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AMMAN, Jordan — King Abdullah II, struggling to stave off growing public discontent, widened his political outreach Thursday and met with the Muslim Brotherhood for the first time in nearly a decade. He also asserted in a statement that he would fight corruption and foster a broad national dialogue.

The statement from the royal court said, “The king reaffirmed in a meeting with a delegation from the Muslim Brotherhood and the Islamic Action Front that it is important for them to work together to press political reform that will increase the role of citizens in decision making.”

A Muslim Brotherhood leader, Zaki Bani Rsheid, said earlier in an interview in his Amman office that the newly appointed prime minister, Marouf al-Bakhit, had offered the movement a role in his government but that it had turned him down.

“We refused because we want the prime minister to be elected, not appointed by the king, and we want real elections,” he said. “We are willing to be a partner but in a real government.”

The Muslim Brotherhood is estimated to have the support of 25 percent to 30 percent of Jordan’s 6 million people. It was expected to lead modest demonstrations Friday calling for democratic steps, although others who had taken part in past weeks said they would hold off and evaluate the nature of the new government.

On Tuesday, after weeks of low-level protests demanding change here — and after huge street revolts brought political upheaval to Tunisia and Egypt — Abdullah fired his Cabinet and appointed al-Bakhit prime minister. The king publicly instructed him to pursue democratic reforms and reach out to a broad range of constituents. Al-Bakhit has held many consultations in preparation for forming his government, in itself a rare step here.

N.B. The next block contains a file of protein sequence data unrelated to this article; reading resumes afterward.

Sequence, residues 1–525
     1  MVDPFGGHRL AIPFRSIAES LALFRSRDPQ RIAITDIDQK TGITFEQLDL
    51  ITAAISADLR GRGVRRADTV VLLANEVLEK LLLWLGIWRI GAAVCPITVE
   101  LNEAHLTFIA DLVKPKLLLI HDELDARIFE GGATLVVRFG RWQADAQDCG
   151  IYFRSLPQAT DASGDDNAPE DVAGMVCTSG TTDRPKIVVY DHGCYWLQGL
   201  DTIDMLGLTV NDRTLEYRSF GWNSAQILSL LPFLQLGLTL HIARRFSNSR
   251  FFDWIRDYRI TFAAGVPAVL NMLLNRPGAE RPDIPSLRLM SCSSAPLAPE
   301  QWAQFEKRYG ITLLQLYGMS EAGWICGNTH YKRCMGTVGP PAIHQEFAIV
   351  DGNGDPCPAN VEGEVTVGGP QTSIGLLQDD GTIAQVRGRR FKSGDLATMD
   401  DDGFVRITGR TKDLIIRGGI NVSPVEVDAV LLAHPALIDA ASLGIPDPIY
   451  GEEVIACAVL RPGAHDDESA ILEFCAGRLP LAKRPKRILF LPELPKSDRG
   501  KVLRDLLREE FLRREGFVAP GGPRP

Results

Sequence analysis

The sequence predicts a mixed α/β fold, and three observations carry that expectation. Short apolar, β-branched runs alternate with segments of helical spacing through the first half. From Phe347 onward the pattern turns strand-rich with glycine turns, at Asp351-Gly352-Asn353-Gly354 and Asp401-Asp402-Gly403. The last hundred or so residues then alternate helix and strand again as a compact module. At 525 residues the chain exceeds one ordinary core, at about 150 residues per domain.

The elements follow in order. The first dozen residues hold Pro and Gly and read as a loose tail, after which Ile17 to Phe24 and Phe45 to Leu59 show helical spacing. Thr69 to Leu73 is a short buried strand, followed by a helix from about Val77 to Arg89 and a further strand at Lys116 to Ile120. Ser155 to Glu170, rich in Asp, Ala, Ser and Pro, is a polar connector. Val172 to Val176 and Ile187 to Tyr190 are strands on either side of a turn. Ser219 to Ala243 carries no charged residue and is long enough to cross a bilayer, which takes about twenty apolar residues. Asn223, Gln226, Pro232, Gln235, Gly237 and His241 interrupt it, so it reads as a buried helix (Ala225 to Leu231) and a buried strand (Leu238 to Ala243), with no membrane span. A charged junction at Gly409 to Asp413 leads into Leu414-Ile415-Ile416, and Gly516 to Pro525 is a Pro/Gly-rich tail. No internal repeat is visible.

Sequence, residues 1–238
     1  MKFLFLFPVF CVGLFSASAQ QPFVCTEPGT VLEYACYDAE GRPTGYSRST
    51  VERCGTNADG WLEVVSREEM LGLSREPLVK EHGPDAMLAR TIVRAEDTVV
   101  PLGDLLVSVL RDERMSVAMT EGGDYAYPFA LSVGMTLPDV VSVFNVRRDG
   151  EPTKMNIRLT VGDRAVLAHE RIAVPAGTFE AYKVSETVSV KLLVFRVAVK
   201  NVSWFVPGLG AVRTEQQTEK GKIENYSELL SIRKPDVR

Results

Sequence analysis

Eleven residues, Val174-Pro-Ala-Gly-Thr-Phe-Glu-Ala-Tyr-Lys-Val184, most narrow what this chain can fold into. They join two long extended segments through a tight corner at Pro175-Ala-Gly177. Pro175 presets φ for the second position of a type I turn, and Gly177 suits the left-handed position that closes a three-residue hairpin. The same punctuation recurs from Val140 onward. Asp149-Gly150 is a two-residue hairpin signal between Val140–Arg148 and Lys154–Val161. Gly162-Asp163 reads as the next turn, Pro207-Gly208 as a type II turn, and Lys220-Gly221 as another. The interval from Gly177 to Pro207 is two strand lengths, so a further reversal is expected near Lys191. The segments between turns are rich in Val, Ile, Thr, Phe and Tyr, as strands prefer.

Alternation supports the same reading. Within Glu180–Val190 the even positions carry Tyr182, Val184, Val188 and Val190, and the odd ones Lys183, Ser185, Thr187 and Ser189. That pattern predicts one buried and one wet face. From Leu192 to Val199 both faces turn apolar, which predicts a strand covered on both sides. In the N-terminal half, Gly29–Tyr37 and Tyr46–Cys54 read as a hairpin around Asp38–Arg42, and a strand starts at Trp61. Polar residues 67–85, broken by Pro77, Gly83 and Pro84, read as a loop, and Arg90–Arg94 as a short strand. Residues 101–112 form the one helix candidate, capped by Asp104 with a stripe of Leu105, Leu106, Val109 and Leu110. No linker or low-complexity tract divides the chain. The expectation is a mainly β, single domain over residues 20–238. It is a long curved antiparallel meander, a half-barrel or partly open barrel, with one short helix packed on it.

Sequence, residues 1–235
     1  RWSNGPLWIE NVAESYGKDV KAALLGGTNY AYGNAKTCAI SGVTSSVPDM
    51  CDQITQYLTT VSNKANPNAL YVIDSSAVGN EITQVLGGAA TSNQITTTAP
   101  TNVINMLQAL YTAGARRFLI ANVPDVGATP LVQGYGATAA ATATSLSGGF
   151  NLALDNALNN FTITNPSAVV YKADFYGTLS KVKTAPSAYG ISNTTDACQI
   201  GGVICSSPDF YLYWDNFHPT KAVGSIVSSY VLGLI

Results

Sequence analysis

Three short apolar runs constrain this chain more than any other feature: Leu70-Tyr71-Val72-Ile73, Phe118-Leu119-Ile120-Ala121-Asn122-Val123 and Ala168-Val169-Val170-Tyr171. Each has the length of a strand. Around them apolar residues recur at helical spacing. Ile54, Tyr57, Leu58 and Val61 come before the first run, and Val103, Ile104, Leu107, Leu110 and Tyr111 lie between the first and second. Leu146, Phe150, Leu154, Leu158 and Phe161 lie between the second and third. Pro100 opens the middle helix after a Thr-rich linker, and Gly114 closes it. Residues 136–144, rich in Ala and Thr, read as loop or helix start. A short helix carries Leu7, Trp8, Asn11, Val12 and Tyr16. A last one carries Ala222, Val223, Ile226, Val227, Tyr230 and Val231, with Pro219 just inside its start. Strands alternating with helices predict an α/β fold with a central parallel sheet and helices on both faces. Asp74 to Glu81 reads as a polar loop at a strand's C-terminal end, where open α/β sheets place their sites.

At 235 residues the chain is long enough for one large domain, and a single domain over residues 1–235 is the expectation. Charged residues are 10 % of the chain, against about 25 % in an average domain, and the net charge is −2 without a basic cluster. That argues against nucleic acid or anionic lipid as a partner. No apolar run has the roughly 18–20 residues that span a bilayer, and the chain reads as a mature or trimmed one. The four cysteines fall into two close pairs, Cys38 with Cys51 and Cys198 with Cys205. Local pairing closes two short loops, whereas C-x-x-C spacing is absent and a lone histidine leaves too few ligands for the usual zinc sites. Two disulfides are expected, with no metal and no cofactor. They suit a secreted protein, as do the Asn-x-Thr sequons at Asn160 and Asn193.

Abdullah, who turned 49 on Sunday and has been on the throne for 12 years, is clearly shaken by events in the region and in his own country. He has been paying surprise visits in recent days to poor areas and villages and ordering assistance to the families he has encountered.

Thursday’s statement acknowledged the failure of recent efforts at reform, blaming “people who put their personal interests above the public interest, fear of change and hesitation in making decisions.” It said the king expected the new government to start a comprehensive national dialogue that included all segments of society.

It added that a new electoral law should be drafted that would attract political parties to take part in elections and that all the country’s issues should be discussed publicly “with transparency, openness and clarity.” It vowed tough punishment for anyone involved in corruption, saying, “no one is above the law.”